clinton made every problem facing america worse, and created whole new sets of problems that are dragging america into the ground. obama simply bailed out those disastrous policies, and made sure they could not be addressed.

    there is no getting out of this mess now, america is being drained of just about every single penny left.

    the future is plainly slavery of all sorts. so when ever you hear someone say its all reagans fault. try to educate them if possible.

  9. Grumpy Engineer

    But IMHO a key point is regularly lost in the student loan debate. Higher education fees exploded due to borrowing enabling students to pay much more. There is zero evidence that tuition increases resulted in better educational product.

    Aye. This is hugely important. The government lent out a trillion-plus dollars without evaluating students’ ability to repay. This was surely an invitation to abuse by colleges and universities. Modern campuses are starting to resemble vacation resorts, but I don’t sense that recent graduates are any better prepared for post-college life than those who graduated before them. They’re just deeper in debt.

    And regarding that debt, the question naturally arises: What do we do about it? Neuburger doesn’t explicitly say, but he seems to be advocating suspending payments indefinitely. Perhaps permanently. But this would invite even more abuse.

    One thing that would happen is that pretty much all current students would start borrowing the max, even if their parents had a loaded 529 plan that could cover things in full. And why not? They wouldn’t have to repay it. And colleges would stop offering scholarships and other discounts, as they could simply ask the students to borrow more. And why not? They wouldn’t have to repay it. And the number of those crappy for-profit colleges would explode, as the repayment statistics used to identify and cut off those bad schools would no longer exist. I could even see for-profit schools offering kickbacks to students to ensure that their seats remained full. Without controls on spending, our post-secondary education sector could end up more bloated and wasteful than our military sector.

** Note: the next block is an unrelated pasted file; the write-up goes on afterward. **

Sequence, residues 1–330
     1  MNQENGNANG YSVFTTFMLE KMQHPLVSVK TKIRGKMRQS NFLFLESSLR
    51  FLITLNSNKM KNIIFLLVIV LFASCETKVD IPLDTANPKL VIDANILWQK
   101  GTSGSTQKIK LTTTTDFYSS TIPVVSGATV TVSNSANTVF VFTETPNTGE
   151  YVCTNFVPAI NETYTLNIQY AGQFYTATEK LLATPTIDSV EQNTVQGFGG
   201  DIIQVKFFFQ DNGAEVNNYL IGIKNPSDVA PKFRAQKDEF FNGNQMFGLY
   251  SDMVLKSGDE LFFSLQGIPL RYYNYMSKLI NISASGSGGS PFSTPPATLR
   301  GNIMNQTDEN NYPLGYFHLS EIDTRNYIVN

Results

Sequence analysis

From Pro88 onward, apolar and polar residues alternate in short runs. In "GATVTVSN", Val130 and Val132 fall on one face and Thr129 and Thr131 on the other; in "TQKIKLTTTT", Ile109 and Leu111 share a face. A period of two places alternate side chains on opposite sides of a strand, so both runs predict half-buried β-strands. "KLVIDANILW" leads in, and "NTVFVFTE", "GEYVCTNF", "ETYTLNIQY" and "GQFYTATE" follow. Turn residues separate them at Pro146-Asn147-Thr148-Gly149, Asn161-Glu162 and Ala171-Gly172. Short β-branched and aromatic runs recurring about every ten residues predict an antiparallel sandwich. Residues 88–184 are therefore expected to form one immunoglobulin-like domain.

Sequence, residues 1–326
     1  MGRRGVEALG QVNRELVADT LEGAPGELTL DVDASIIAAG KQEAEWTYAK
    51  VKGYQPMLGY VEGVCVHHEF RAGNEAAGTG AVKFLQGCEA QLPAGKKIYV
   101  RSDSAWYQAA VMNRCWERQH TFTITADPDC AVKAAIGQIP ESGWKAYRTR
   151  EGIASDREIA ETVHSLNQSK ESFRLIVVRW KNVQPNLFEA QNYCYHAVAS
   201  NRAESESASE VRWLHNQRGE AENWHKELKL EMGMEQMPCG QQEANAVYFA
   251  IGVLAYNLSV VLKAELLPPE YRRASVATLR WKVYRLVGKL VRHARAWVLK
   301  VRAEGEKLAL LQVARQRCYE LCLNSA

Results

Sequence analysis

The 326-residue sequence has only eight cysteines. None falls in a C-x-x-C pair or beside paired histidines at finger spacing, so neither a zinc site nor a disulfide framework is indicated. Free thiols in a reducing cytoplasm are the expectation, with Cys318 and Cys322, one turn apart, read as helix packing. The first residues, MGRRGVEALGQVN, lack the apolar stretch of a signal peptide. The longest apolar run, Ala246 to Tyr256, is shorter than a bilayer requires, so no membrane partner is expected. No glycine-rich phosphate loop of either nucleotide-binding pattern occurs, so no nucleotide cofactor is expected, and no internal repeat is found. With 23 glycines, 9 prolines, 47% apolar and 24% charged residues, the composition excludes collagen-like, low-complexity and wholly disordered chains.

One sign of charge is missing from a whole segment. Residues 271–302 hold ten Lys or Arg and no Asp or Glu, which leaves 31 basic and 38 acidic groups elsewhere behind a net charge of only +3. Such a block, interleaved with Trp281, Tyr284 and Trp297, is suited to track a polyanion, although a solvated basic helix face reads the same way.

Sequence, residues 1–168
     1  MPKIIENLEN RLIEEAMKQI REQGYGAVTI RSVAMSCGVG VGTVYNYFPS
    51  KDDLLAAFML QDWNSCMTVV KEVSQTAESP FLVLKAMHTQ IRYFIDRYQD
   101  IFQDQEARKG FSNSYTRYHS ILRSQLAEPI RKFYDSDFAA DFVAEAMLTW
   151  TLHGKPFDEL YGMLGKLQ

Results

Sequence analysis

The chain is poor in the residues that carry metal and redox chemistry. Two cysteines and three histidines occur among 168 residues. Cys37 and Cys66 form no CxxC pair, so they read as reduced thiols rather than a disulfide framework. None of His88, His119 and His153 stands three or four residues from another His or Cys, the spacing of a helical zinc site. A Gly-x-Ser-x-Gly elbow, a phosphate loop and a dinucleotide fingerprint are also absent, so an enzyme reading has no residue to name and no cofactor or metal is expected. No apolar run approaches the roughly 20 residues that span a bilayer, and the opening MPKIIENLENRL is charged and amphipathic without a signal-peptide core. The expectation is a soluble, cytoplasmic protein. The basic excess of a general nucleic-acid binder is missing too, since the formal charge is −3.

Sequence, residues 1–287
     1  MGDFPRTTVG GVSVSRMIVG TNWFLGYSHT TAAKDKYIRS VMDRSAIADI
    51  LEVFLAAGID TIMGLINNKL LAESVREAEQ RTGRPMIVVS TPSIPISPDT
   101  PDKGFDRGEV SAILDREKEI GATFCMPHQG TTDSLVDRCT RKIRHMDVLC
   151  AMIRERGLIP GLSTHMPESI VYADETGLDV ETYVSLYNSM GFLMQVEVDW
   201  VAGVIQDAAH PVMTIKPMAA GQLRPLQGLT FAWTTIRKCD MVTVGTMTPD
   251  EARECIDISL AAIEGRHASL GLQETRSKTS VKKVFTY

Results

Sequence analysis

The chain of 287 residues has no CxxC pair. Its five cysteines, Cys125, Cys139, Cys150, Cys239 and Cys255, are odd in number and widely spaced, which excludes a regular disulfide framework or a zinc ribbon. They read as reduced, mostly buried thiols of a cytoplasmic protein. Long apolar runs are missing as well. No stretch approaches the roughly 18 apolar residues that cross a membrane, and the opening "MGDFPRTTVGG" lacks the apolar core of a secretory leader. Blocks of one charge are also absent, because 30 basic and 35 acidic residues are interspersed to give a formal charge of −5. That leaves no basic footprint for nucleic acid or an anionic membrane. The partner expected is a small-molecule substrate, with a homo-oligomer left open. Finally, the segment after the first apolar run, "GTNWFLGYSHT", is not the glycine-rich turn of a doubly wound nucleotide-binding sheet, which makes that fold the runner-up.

So from this standpoint, I think that the loan repayments had to resume, even though I have considerable sympathy for the plight of recent graduates. [Our colleges and universities took advantage of them, and it was truly unjust.] But to fix this we need a real plan. Something comprehensive that keeps future spending under control and offers students who end up with excessive debt a path out.

    1. Brian Beijer

      How about simply do away with charging interest on student loans? If even that simple change were made, it would alleviate a huge burden on borrowers. Or would that also invite “more abuse”? Why is everyone so concerned about the average person “abusing the system”, but not the ungodly amount of billions being scammed from the taxpayer by the MIC and the FIRE sector every year?

      1. Grumpy Engineer

        Setting student loan rates to zero would indeed invite “more abuse”, but not by the average person. One group that would abuse it would be the wealthy. For example, suppose that a rich couple has $200k in a 529 plan intended for their child’s education. Normally it would be spent directly on education, but with zero-interest loans available, they would instead borrow the money and invest their $200k elsewhere. Even if invested in a CD earning 5%, they’d have 200*(1.05**4) = $255k at the end of four years, which means they’d get to keep $55k after paying off the $200k loan.